To obtain a preliminary injunction in Virginia, a plaintiff must show (1) that he is likely to succeed on the merits; (2) that he is likely to suffer irreparable harm in the absence of preliminary relief; (3) that the balance of equities tips in his favor; and (4) that an injunction is in the public interest. Real Truth About Obama v. Federal Election Com’n, 575 F.3d 342 (4th Cir. 2009). To enjoin an ex-employee from violating his non-compete agreement, getting past the first element requires the plaintiff to persuade the court that the noncompete is no broader than necessary to protect a legitimate business interest. Courts will examine the function, scope, duration, and overall reasonableness of the restriction when making this determination. An opinion issued earlier this month in Fairfax County Circuit Court demonstrates what a high burden this can be for a plaintiff seeking to prevent its employees from working for a competitor.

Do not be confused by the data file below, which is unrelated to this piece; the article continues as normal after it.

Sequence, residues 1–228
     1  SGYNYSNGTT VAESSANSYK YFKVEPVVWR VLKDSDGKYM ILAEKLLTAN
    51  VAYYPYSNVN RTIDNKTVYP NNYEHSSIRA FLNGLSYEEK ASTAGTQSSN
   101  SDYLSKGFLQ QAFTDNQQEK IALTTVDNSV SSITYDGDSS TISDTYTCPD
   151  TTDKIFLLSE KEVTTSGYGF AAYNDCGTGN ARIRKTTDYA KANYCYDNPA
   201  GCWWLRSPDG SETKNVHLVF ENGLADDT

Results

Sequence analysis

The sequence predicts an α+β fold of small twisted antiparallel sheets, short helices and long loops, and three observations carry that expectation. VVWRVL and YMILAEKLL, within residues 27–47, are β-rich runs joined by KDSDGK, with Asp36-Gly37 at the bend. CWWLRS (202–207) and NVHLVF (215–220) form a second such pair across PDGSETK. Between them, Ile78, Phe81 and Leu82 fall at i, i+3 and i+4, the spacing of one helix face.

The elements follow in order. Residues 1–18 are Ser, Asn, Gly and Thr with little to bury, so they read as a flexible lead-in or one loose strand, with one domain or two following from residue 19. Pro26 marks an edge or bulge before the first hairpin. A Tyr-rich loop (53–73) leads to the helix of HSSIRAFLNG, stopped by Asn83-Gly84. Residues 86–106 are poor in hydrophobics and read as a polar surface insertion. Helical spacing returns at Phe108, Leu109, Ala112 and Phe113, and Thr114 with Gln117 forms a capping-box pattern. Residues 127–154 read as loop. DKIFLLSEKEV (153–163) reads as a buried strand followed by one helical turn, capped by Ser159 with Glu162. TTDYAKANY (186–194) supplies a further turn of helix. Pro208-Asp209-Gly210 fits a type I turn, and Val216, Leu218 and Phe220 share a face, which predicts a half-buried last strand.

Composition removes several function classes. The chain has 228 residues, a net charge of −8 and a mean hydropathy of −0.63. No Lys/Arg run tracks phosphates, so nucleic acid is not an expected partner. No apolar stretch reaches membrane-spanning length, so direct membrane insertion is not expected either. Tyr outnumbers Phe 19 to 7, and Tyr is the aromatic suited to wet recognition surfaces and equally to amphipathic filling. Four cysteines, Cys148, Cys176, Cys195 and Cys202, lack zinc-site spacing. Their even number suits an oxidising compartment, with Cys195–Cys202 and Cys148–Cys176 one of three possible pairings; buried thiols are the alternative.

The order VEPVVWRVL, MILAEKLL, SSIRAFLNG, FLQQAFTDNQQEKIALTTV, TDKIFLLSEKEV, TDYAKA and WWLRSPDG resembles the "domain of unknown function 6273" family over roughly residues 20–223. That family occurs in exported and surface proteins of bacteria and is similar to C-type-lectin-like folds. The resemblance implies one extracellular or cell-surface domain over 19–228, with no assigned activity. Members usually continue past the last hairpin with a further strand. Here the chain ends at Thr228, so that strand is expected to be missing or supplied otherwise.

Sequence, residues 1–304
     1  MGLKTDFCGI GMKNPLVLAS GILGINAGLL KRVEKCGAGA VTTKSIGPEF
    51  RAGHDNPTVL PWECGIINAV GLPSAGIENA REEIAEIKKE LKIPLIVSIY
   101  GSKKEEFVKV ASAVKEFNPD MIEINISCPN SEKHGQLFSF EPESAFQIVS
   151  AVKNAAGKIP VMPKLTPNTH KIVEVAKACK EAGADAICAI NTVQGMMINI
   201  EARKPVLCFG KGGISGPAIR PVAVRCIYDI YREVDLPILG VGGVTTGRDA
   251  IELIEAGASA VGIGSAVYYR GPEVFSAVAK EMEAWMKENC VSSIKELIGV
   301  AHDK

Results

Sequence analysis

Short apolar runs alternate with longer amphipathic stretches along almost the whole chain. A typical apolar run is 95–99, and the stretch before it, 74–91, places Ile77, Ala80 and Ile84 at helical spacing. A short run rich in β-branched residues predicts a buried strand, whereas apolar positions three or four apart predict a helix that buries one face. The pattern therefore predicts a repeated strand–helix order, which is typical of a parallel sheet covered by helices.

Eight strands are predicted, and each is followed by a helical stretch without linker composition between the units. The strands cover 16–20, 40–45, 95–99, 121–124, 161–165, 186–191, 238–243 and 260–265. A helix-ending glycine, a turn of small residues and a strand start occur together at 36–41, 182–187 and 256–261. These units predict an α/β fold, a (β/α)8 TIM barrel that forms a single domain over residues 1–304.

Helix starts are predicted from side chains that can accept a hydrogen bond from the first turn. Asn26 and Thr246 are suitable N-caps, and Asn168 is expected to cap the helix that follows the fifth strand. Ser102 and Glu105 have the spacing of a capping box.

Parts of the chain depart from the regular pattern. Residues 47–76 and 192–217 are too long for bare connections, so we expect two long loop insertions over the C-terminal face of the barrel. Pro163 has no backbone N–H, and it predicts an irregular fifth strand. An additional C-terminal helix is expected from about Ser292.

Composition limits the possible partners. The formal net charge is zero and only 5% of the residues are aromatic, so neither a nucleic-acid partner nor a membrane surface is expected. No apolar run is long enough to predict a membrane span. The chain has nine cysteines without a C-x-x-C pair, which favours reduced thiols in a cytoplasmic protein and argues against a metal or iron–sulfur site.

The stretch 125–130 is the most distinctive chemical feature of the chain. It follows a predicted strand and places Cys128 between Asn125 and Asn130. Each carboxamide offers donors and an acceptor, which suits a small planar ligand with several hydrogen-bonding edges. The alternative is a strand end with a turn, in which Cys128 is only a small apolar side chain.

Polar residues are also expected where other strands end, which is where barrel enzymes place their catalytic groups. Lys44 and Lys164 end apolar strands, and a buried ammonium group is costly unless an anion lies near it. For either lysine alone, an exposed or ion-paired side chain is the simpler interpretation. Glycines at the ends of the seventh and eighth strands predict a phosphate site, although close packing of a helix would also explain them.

Wings, LLC, provides commercial and residential vinyl, fabric, and leather repair services in Northern Virginia, the District of Columbia, Southern Maryland, and West Virginia. Wings’ customers consist primarily of auto dealerships and collision centers who hire Wings to repair car interiors on site. Wings hired two gentlemen as vinyl, velour and leather repair technicians and required them to sign agreements containing non-solicitation and non-competition provisions that prohibited them from working as technicians anywhere in Virginia, Maryland, West Virginia, and any other state in which Wings transacted business, for a period of two years following the termination of employment. (See pages 2 and 3 of the opinion for the full text of the noncompete provision).